Marriage or relationship breakdown is a stressful and uncertain time. Emotions run high and you…
This lockdown got me good.
I wrote about resilience during the last lockdown in the ACT, and my experience then (and that, I’m sure, of many others) certainly had me thinking I was prepped for this next one.
Not that I didn’t panic. Not that I didn’t call my Mum again, in tears. But I recovered quickly, picked myself up of the kitchen floor and told myself I could do this.
And I was right. I have been ‘doing’ it. But the doing, well, it’s really starting to get to me.
I write from the perspective of a single mother with a couple of small children and one teenager, and while I know many of my day-to-day struggles relate to the pressure cooker that is parenting during lockdown, I reckon the triggers, reactions and daily emotional flip outs are being played in households of all shapes right across the region (and the country).
So, why did I think it would be easier this time?
For a start, I wasn’t going through an intense personal crisis at the same time (as I was last year). My little ones are a bit older now, and my teen is more adjusted to high school.
I’m living closer to my support networks (although locky-d does make some of those those tricky to access), my employer is amazingly flexible and I already work remotely so no great adjustment there.
I stocked the pantry with snacks, the fridge with wine and strapped my coffee machine in for a workout.
The first few weeks were okay. Sure, I was juggling the little ones at home in a pretty small house but I’m amazing at this, remember? I’ve got my list of fun, lockdown activities for children and even invented a couple of new ones (moving the car out of the garage and creating a daily dance party by turning off the light, handing out glow sticks and cranking 90s dance music was a parenting career highlight. Feel free to use it. You’re welcome).
But after the water play, trips to the park, drawing and colouring with brand new markers, and Netflix, Netflix and Netflix started to wear thin, I was back in the exact same place as I was last year.
Absolutely exhausted and bored yet run off my feet all at once.
I’ve started waking up with a heavy feeling in my chest. The tears sometimes arrive before I even pulled back the covers. The TV goes on at breakfast time and I’m not even guilty about it.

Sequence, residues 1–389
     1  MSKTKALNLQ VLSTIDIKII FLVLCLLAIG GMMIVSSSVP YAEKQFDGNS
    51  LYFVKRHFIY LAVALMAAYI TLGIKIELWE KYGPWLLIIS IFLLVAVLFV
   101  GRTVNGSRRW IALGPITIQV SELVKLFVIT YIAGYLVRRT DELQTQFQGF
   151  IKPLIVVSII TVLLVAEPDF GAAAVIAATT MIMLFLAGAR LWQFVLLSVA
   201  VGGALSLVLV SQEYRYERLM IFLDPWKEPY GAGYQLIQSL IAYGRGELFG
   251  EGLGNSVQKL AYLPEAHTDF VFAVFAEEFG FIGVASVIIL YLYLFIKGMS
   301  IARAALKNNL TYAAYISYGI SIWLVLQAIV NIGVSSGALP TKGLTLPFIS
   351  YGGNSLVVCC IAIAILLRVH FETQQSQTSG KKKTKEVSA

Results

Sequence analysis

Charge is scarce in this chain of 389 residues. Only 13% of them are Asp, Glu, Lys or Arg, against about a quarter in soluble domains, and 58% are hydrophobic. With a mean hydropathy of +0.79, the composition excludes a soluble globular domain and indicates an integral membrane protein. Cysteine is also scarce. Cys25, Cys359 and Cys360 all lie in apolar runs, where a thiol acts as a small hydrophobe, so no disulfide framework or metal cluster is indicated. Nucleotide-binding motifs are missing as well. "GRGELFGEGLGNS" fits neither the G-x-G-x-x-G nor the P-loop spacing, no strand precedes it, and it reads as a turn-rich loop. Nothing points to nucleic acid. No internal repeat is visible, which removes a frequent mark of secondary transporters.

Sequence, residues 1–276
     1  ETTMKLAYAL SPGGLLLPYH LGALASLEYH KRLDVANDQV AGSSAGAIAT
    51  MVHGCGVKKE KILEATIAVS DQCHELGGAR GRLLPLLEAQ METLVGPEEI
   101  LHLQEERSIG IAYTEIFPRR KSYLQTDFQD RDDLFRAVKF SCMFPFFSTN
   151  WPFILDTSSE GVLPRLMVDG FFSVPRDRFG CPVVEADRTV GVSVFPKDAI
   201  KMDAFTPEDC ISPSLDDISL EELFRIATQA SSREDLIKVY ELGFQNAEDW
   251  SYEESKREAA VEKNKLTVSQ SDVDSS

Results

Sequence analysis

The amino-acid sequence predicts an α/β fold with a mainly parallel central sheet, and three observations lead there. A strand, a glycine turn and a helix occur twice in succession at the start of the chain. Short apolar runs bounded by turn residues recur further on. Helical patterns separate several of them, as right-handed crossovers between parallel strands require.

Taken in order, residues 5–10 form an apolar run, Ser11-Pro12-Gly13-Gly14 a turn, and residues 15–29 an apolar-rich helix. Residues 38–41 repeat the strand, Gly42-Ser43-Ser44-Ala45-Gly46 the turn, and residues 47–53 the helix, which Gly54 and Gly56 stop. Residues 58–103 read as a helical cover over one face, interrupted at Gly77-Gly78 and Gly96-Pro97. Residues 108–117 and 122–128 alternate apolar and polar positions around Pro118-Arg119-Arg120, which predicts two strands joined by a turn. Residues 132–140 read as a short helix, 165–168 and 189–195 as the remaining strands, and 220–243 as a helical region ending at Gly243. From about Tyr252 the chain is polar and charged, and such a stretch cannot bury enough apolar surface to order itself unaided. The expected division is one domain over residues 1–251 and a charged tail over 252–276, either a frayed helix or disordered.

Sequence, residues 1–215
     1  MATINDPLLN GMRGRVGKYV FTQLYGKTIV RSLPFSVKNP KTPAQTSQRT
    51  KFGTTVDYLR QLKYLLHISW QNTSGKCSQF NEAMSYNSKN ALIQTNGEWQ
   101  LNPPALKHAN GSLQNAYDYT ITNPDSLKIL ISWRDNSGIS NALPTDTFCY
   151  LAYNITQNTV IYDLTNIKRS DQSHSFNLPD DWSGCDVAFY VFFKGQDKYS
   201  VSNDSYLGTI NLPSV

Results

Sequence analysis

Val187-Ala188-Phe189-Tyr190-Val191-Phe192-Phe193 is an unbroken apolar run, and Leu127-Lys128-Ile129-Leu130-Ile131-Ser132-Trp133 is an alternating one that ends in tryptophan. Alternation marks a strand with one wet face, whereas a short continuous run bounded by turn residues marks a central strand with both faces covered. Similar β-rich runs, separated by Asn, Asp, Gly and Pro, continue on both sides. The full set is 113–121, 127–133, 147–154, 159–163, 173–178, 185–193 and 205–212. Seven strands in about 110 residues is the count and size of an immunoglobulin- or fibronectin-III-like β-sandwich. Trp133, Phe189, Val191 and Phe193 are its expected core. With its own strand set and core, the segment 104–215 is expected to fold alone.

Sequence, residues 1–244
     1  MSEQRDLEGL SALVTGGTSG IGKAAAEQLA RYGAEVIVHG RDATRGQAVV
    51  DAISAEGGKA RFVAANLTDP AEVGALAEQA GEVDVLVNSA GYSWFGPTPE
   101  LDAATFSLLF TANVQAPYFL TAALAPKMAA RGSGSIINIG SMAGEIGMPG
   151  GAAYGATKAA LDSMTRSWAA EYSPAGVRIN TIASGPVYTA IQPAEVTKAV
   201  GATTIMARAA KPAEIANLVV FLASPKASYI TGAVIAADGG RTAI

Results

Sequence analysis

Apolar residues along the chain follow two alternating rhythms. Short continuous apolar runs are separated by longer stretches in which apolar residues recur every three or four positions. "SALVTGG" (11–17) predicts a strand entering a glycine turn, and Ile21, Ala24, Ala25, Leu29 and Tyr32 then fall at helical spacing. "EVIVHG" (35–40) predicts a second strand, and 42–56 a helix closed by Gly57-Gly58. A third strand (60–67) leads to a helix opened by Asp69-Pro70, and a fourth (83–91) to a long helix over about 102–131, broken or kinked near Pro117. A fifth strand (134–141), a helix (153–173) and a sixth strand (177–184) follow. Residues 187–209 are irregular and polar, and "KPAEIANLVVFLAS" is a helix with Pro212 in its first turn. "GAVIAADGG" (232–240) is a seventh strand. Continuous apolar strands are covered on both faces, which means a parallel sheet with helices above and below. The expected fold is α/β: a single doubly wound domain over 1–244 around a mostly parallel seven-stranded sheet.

Sometimes I go to bed as soon as my kids fall asleep because I just can’t handle any more of the day.
Did I learn a bunch from the last lockdown? Yes. Am I buoyed each day by the (mostly) amazing community spirit in Canberra that we will get through this together? Yes. Am I utterly defeated again? Also yes.
Because you know what? THIS IS REALLY HARD. And it doesn’t matter how we prep, how we flip our mindsets and practice gratitude that we haven’t been as hard hit as other parts of the country, this is still really hard, guys.
My mistake was expectation. That because I’d done this hard thing before it would somehow be less hard this time. I expected myself to be better. To do better. To be a better mother, employee, friend, sister and daughter this time.
But I’m not. I’m just me, doing the best I can and trying to accept that sometimes (most of the time) that version of ‘best’ is not going to come close to what I think I should be right now.
It’s taken me five weeks of lockdown to work this out. I had to hit rock bottom before I realised it was time to acknowledge that thing I know but seem to always, conveniently, forget in moments when it’s hardest to apply—that expectation is the cause of all suffering.
And, as a mother, the expectations we put on ourselves at the best of times are generally pretty outrageous. So, there’s absolutely no logical reason why I should hold on to those—even elevate them! Madness during a territory-wide lockdown.
Here’s the thing. My expectations of myself don’t need to be lower—they need to be re-categorised. Because you know what? These hard things are actually amazing things.
Getting everyone out of bed in the morning? Amazing, everyone is alive! Noodles for lunch three days in a row? Amazing, your family is fed! PJs all day? Amazing, less washing!
And we are all doing amazing, sweetie.
So, next time that internal voice tells you that you really should be providing a more nutritious dinner than nuggets and chips (again), or that the TV has been on for way too long, or that your children’s behaviour is really going downhill and oh my god WHAT DID YOU DO to fail them so terribly, please know that you are amazing and doing very hard but very amazing things right now. And we will all be okay.
But until then, please know that I, for one, am with you.